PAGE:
A few years back, I faced a devastating setback in my career that left me riddled with anxiety and overcome with depression. My self-esteem hit an all-time low when the business I had built went under.
As I sunk to rock bottom, my friend proposed a crazy idea. She suggested that if I made joy my top priority for one month, my entire life would turn around. At that point, joy seemed like a distant dream, but with no job, no plan, and no other ideas, I decided to give it a try.
The difference between joy and happiness.
You’ve maybe never thought about it before, but there is a distinct difference between happiness and joy. Happiness is a cognitive experience based in the brain’s cortex. It’s a state of mind, which comes and goes easily. Happiness activates the sympathetic nervous system1, which activates the brain’s fight-or-flight response—it feels exciting and stimulating to the body.
Joy, on the other hand, is a subconscious experience, an emotion based in the brain’s limbic system. Joy activates the parasympathetic nervous system, which controls rest and relaxation—it feels calming and soothing to the body. Joy affects the entire body, down to the DNA, and can lower inflammation and increase immunity. Since the experience of joy has such a strong physical component, there are proven things you can do to help create it—almost like a formula.
My formula for joy.
For 30 days, I conducted an experiment in which I was the subject. I dedicated my daily actions for one month to the singular pursuit of joy by calling on the science behind hormones, mindfulness, and manifestation, synthesizing my findings into a calculated plan. I went after joy from all angles—from the scientific to the spiritual and everything in between. Here are my top four practices from the month of radical transformation:
- Gratitude: Frequent appreciation increases dopamine and soothes the amygdala (fear sensor) in the brain.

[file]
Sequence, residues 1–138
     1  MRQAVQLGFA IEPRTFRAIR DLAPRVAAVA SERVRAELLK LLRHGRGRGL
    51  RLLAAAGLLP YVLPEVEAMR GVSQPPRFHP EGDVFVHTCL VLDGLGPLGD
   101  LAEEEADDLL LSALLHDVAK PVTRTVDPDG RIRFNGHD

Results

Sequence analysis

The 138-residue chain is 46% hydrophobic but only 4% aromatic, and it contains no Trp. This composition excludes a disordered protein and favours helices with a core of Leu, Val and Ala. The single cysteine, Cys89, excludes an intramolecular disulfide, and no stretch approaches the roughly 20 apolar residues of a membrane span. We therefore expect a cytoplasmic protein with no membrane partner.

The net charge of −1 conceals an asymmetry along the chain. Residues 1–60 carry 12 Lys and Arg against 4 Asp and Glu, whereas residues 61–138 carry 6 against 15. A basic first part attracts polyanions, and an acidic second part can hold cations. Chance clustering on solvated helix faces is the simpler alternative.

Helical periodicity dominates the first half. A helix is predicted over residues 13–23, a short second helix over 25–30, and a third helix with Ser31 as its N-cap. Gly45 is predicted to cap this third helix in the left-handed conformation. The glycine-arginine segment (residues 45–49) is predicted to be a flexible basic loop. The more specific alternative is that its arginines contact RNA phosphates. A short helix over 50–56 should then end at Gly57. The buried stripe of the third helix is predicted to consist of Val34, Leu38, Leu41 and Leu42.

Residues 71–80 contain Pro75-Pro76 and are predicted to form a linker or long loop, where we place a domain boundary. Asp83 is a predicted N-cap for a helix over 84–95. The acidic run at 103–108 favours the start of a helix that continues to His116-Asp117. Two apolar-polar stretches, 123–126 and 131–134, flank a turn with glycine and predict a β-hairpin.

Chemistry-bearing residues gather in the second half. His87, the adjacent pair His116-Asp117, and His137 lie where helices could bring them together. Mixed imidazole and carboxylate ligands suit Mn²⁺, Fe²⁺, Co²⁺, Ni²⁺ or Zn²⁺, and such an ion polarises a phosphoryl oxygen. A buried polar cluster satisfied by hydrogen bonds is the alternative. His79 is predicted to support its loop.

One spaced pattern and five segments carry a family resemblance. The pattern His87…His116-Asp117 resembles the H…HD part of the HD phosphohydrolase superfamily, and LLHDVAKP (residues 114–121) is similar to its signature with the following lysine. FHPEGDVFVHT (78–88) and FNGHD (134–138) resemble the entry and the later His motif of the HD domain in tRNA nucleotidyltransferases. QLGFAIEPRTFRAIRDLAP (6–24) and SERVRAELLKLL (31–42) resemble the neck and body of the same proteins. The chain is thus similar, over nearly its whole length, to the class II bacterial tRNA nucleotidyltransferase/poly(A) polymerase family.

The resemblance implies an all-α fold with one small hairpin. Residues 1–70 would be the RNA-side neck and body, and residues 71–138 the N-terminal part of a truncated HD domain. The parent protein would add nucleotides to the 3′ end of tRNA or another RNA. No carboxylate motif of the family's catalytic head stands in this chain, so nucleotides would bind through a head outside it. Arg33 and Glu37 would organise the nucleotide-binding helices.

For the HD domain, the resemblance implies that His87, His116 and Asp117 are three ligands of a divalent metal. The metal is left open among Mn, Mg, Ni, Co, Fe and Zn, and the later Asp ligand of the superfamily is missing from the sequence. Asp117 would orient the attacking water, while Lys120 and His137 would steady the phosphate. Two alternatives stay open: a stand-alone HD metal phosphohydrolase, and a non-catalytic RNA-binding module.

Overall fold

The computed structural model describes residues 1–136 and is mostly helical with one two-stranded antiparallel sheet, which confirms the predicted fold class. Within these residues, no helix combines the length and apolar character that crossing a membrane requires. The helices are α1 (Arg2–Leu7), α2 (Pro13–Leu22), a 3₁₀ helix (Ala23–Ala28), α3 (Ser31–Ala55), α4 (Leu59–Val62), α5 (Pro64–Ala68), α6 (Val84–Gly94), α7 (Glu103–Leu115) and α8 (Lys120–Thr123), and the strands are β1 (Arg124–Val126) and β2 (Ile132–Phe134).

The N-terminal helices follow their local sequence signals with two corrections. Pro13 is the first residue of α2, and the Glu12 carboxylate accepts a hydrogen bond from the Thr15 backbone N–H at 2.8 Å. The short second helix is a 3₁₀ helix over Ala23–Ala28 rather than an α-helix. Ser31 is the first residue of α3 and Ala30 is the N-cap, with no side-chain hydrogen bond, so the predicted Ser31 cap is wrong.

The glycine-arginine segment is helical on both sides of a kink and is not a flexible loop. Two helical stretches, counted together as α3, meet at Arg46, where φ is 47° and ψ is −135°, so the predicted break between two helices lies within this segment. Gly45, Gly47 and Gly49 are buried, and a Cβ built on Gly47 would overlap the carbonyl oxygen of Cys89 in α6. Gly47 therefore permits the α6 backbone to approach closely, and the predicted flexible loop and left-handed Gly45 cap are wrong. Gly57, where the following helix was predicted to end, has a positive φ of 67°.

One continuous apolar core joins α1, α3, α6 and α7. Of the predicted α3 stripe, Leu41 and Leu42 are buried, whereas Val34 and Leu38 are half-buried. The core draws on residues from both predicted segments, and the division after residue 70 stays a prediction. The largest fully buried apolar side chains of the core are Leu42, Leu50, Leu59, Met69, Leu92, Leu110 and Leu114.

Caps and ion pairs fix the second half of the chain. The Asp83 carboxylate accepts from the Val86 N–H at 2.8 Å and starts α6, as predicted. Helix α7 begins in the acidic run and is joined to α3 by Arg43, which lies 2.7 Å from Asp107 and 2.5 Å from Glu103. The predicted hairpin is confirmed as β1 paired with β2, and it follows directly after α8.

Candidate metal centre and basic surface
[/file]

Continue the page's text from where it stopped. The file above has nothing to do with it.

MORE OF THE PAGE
- Simple pleasures: Engaging in pleasant actions that stimulate all five senses brings attention to the body and away from stressful thoughts.
- Mindfulness: Bringing attention to the present moment can release stress and increase calm.
- Movement: Adopting a more active lifestyle is a proven way to increase the brain chemicals associated with well-being.
My "joy plan" (which eventually led me to write a book on joy; go figure) required simple steps every day and was not a quick fix. In order to make these small shifts effective long-term, they must become a lifestyle. Repetition is the key to forming new habits of thought in the brain, which then become new feelings, new actions, and eventually a new experience of life. Thirty days is just long enough to form new habits and put this lifestyle into place.
After spending a month with the sole purpose of creating joy in my life, I discovered that finding joy in my current state of affairs could change the actual circumstances in my life. I found joy despite my external conditions, and then those conditions morphed to match my joy.
My life changed in wonderful ways I never could have imagined. I’m now a mindfulness teacher for elementary school students. I make a living as a writer, doing work that I love from anywhere in the world.
Was this magic? A miracle? It could appear that way, but I believe it was simply science.
By intentionally practicing thinking new thoughts, which lead to new behaviors, we create new patterns in our brains, which ultimately translate into a new experience of life. Quantum physics has proved that, at the subatomic level, all matter is made of energy, and our thoughts influence the behavior of that energy. Essentially, our thoughts shift subatomic particles and create our physical world.
This is not just philosophy; this is physics. And I have tested this principle and seen the proof in my own life. By taking small steps to change my very negative state of mind, I created a radical shift in my emotional experience and—very quickly—a significant change in my reality.
You don’t have to set aside a whole month for the sole purpose of joy in order to create a Joy Plan in your life. It may sound like a crazy idea, but often crazy ideas are the ones you should listen to.
Another key to happiness is something that you've been taught NOT to do. Intrigued? Check out what it is here.
Kaia Roman is the author of the highly-acclaimed self-help memoir, The Joy Plan, which has been featured on the TODAY show and in Forbes, The New York Times, and more. Publishers Weekly calls The Joy Plan “an energized and informative plan for transforming your life.” Merging 20 years of brand experience work in Silicon Valley with her neuroscience and mindfulness research and training, Kaia is an intrepid entrepreneur and passionate advocate for people, projects, and products working toward a better world. You’ll find her on Facebook, Twitter, Instagram, and at KaiaRoman.com.